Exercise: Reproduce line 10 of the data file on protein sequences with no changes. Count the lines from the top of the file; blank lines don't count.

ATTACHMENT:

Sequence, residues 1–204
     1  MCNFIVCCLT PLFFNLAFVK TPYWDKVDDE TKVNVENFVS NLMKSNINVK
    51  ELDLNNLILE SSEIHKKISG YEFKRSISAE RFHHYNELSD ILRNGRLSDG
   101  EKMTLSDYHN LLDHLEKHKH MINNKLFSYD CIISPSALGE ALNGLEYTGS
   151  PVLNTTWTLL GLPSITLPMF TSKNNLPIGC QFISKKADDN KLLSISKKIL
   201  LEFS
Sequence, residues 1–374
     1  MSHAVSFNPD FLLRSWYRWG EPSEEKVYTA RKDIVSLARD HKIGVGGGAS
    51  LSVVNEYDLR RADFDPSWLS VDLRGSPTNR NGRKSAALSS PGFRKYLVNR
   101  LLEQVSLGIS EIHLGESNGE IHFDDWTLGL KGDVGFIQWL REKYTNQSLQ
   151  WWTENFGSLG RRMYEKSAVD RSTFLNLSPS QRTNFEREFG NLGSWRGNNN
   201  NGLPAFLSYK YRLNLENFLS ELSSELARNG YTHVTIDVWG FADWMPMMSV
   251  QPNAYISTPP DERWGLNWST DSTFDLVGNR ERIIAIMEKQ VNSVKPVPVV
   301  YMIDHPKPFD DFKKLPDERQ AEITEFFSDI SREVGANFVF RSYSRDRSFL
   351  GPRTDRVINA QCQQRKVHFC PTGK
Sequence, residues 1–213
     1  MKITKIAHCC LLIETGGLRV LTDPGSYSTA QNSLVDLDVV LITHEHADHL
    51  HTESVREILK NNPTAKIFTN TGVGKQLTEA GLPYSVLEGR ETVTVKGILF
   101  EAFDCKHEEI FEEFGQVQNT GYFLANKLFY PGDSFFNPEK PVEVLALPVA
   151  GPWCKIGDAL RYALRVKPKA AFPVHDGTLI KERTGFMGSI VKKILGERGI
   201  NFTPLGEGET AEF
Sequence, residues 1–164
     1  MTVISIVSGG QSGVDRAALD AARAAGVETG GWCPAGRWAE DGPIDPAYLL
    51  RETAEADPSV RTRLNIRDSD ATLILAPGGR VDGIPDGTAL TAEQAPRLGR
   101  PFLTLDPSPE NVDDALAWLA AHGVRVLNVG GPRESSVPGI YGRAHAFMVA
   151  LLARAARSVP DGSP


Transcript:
   101  LLEQVSLGIS EIHLGESNGE IHFDDWTLGL KGDVGFIQWL REKYTNQSLQ